Before Mahon could think about his animals, he needed to help his neighbors. As the water rose, he rescued one with his tractor, the floodwater lifting it up and spinning him 180 degrees. He helped save three more people — including an 85-year-old woman and a 9-month-old baby — with a boat, he said.

    Then he could start counting his losses. He estimated the flood carried away 30 calves and almost as many cows, nearly $50,000 out of his pocket. It might be more.

    Can you imagine the grief that these farming families are enduring right now?

    Many of them are financially ruined and will never be able to go back to farming again.

    Dave Eaton’s family has been farming the same plot of land for 152 years.  But now the Missouri River has swallowed his farm, and with much more flooding still to come, he anticipates that his farm with be underwater “all year”

    The farm has been in his family 152 years. He was born there. He’s been thinking about what he’s learned about the Missouri’s upstream reservoirs and the mountain snowpack, and what it means for his land.

    “It’s not like I’m new to the area,” he said. “My gut feeling is we’re going to be under water all year.”

    And he is definitely not the only one that has had his year ruined.

    Panowicz says that the hay and silage that were meant to feed his cattle this season were soaked “in 3 to 4 feet of water”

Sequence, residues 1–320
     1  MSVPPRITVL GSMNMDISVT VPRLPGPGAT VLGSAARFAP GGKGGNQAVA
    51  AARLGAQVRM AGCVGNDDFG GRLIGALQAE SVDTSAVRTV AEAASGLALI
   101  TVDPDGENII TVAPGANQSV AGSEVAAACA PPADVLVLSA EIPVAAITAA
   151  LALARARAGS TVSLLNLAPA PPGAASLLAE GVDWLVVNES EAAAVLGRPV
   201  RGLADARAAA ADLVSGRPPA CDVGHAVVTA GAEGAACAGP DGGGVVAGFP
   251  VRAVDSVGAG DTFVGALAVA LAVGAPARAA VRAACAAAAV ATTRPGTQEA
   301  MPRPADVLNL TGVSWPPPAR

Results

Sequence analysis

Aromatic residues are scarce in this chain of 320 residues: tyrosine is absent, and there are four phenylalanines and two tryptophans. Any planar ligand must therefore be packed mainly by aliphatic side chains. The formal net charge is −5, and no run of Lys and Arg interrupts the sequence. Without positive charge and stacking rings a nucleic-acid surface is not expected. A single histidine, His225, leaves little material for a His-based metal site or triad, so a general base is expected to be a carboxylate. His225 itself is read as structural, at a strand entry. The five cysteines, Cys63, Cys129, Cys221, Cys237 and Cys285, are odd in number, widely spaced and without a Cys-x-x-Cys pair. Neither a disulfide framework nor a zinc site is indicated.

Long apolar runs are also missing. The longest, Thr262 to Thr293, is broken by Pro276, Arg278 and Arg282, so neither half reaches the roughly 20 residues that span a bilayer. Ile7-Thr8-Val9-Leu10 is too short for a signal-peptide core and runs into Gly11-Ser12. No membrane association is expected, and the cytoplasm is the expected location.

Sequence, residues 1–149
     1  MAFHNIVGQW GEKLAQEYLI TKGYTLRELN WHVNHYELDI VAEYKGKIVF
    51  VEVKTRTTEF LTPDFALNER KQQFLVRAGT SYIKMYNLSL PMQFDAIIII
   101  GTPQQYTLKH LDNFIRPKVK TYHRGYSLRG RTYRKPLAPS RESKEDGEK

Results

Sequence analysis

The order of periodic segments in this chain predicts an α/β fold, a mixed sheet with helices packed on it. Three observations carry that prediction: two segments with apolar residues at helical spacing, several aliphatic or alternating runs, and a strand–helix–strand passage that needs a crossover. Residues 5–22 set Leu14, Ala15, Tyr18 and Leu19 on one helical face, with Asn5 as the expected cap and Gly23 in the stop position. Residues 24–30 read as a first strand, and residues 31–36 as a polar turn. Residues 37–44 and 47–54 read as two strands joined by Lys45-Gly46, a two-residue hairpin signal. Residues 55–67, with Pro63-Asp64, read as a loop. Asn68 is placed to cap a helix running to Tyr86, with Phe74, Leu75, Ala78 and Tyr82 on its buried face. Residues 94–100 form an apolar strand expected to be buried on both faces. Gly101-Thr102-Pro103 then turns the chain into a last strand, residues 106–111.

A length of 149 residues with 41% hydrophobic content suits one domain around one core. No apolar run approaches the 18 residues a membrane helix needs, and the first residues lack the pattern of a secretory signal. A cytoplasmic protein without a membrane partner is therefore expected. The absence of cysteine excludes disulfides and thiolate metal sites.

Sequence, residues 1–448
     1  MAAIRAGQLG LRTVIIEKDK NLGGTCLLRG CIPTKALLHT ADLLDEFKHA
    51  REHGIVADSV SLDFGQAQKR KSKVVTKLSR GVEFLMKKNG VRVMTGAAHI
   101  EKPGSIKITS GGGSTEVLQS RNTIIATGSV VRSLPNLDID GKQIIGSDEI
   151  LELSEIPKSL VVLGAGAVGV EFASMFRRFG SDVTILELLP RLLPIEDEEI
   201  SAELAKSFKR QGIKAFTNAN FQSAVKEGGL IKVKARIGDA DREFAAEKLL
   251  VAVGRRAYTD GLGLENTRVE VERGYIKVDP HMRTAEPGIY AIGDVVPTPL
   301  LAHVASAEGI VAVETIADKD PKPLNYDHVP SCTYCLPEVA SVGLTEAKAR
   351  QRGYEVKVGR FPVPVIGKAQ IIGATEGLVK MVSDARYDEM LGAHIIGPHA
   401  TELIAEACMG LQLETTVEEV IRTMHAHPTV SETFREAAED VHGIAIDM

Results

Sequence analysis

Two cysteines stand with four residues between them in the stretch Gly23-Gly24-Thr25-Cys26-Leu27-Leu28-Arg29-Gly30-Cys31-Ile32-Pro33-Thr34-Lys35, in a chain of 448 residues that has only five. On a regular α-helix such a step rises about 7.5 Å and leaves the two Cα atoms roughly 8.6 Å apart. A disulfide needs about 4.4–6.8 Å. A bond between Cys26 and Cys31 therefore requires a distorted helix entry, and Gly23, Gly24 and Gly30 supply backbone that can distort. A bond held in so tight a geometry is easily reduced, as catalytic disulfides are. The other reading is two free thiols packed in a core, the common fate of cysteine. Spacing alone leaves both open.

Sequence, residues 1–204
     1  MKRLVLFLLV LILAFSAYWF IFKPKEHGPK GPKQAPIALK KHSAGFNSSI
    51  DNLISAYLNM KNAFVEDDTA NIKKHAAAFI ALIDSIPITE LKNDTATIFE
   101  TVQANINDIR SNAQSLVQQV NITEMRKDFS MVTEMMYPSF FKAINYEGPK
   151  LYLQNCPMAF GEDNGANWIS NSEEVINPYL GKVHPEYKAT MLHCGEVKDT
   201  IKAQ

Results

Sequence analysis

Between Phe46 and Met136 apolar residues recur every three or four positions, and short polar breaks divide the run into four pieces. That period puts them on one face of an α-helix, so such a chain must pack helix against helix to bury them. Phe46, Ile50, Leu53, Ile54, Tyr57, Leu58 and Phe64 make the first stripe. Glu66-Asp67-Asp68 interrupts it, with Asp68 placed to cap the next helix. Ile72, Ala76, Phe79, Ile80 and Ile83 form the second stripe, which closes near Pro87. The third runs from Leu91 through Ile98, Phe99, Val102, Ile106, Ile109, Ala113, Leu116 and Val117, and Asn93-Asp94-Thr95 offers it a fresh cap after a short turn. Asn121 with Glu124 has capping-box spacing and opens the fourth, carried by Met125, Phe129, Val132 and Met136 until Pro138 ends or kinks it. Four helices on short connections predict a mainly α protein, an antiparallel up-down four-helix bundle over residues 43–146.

The hay and silage to feed his cattle are soaked after sitting in 3 to 4 feet of water.

    Sand now covers much of the pastureland he uses to graze his herd of commercial Angus cows and purebred Charolais bulls.

    And 40 of his recently born calves died in the flood.

    So what is he supposed to do?

    Some Nebraska ranchers will bravely try to rebuild, but for Panowicz it appears that the end has come

    “I’ll probably sell the (remaining) cows and calves and get out of the cattle business,” said Panowicz, 65. “I’ve been around cows since the early 1970s.”

    I could go on and on, but I think that you get the point.

    America’s farmers have been utterly devastated.  America’s cattle producers have been utterly devastated.  Food production is going to be way, way below expectations, and food prices are going to escalate dramatically in the coming months.  This is the kind of scenario that I have been warning about, and this crisis is going to continue to get worse as all the snow from one of the snowiest winters on record melts.  In Minnesota, there are still more than 20 inches of snow on the ground in some places, and all of that water has to go somewhere.

    This is the biggest national crisis that has hit the United States in many years, but the mainstream media and millions of Americans that do not live in the affected areas still do not seem to get it.

    Of course once food prices start getting painfully high at our supermarkets everyone will start complaining, but there will not be any easy solutions.

    GetPreparedNow-MichaelSnyderBarbaraFixMichael T. Snyder is a graduate of the University of Florida law school and he worked as an attorney in the heart of Washington D.C. for a number of years.

    Today, Michael is best known for his work as the publisher of The Economic Collapse Blog and The American Dream

    If you want to know what is coming and what you can do to prepare, read his latest book [amazon text=Get Prepared Now!: Why A Great Crisis Is Coming & How You Can Survive It&asin=150522599X].